So without further adieu, here is what I have noticed.
From my hike in Seoul!
Hiking is essentially the national past-time in Korea. It seems like every other store sells hiking gear, it is crazy popular. I don't think I have gone a day since arriving without seeing at least one person decked out to go on a hike. And I am talking hard-core hiking gear. Special hiking pants, coats, visors you name it. Not to mention the backpacks, boots and trekking sticks. If I saw someone decked out like that in America I would assume they were about to head out into the back country or climb a fourteener, something intense you know? Not the case in Korea. If they have got the gear you can bet they are wearing it on any and all forms of hiking.
The hikes themselves are the second difference I have noticed in how are two cultures approach the great outdoors. Going on a hike back home I expect to have to traverse rocky paths, maybe deal with some mud if it just rained. You know get down and dirty with mother nature. So far I have not encountered many "rough" hiking trails. Much of the trail, especially on shorter hikes, is paved or has a boardwalk of some kind. Where it is not paved or boardwalked the trail is immaculately maintained. I'm talking stepping stones, man made stone stairs, paths picked clear of rocks and plants. There is no mistaking where the trail is like I have come across in America. Now that is not to say that there aren't stretches of a more natural looking trail or hikes that are a little bit more demanding, but I have not encountered many. So if you are moving to Korea know that while hiking is super popular and you will have no problem finding gear, a place to hike, or someone to go with, it might not be exactly what you are used to.
Lastly I have noticed some differences in noise pollution. When I go on a hike, I either go with a friend to talk to them, or I am going alone to be with my thoughts, or simply to appreciate nature. Rarely would I listen to music on a hike and if I did I would wear headphones. That is not always the case here. 98% of the people I have encountered hiking who have chosen to forgo the sounds of mother nature for music do not wear headphones but rather carry their device in their pocket or bag and put that sucker on full blast for all to hear.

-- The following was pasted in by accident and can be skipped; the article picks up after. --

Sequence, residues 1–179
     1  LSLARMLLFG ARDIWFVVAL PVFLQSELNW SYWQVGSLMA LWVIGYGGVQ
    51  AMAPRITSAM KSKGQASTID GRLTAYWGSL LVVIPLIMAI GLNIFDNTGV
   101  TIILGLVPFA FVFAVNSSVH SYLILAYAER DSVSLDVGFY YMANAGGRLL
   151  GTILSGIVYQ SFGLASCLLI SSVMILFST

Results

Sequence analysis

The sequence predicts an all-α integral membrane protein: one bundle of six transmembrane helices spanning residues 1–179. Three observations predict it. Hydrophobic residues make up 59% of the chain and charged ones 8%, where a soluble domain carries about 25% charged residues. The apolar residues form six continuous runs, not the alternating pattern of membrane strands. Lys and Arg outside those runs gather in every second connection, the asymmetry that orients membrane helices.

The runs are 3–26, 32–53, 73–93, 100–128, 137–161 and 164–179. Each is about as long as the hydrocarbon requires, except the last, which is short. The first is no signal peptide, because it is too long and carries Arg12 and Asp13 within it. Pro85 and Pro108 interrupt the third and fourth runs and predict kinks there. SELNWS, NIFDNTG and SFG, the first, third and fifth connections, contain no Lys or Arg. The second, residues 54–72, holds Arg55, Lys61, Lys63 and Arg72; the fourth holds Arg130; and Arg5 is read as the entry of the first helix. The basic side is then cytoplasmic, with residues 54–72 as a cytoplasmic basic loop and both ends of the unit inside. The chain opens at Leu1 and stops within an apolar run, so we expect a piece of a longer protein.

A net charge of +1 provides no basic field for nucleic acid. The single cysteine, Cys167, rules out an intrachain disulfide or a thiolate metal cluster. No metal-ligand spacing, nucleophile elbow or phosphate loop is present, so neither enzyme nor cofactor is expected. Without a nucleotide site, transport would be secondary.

Again I am not saying any of this is good or bad it is simply different.
Cafe culture is huge here in Korea. There are a ton of big chains like Starbucks, Pairs Baguette, A Twosome place, Ediya and more. But there are also of a million individually owned and operated cafes. You will literally never not be within walking distance of a cafe in Korean cities. That said their approach to coffee is different than what I am used to. Especially in the smaller cafes they treat each cup like a work of art so don't expect to be in and out in 5 minutes. They also don't really do just cups of coffee. You will typically only find "fancy" drinks like lattes, cappuccinos and mochas. The closest I have found to a straight cup of coffee (even at starbucks) is an Americano.
The atmosphere and decor is sometimes pretty different from a typical cafe in the states. They have more themed cafes, if you will. For instance there is one in Seomyeon called the playground cafe that has mattresses and pillows on the floor for people to lounge on and lofts or bunk-beds built above for additional lounging. They also have cat and dog cafes where for the price of a drink you can get your fill of your favorite pet.
And finally their hours are not what I am used to. Starbucks's in America open at 6 a.m. and close around 8 p.m. That is because Americans typically grab a coffee on their way to work or during a break from work or school. Late night coffee shop frequenting would be for when you needed to work on a project or were meeting up with someone to catch up briefly. Here a few chains will open at 8 a.m. but most don't open their doors till noon or later. However, they will stay open until 11 p.m. or midnight! People hang out at cafes (especially ones with bingsu yum!!) for hours. It is a place to hang out with friends and catch up, not just a place to get a pick-me-up.
I will continue this type of cultural observation blog up in the future. In the meantime, I would love to hear what cultural difference has struck you most when visiting another country.
Also, here are some pictures from a dog cafe I went to in Seoul last weekend.